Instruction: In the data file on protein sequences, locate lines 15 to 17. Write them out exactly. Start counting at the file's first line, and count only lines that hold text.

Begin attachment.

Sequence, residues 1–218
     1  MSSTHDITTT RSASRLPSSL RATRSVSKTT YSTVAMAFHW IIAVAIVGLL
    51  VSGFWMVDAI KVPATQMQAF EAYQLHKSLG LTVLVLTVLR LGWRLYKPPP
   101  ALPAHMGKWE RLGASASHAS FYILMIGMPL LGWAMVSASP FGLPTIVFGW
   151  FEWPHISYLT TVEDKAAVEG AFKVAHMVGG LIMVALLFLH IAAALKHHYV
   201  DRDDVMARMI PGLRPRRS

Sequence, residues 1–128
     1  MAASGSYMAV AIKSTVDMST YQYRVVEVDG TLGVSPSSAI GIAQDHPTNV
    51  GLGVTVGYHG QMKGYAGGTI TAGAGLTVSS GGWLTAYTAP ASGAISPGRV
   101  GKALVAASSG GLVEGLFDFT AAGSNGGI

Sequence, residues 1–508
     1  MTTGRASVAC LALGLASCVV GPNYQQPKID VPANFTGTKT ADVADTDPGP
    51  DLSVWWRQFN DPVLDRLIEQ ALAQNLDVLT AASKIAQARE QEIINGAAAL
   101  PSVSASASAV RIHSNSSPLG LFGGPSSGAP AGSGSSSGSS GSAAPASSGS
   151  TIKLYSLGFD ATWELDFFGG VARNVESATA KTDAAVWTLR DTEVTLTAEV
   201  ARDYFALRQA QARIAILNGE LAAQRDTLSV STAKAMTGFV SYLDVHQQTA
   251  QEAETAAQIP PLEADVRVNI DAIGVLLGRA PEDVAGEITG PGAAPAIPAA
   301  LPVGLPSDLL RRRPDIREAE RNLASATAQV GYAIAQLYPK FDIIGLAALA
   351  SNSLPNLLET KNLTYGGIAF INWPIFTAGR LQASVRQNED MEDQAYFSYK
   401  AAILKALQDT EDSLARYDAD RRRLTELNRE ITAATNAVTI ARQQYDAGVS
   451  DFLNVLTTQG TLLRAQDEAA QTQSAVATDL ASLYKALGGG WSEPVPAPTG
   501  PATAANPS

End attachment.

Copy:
   151  TIKLYSLGFD ATWELDFFGG VARNVESATA KTDAAVWTLR DTEVTLTAEV
   201  ARDYFALRQA QARIAILNGE LAAQRDTLSV STAKAMTGFV SYLDVHQQTA
   251  QEAETAAQIP PLEADVRVNI DAIGVLLGRA PEDVAGEITG PGAAPAIPAA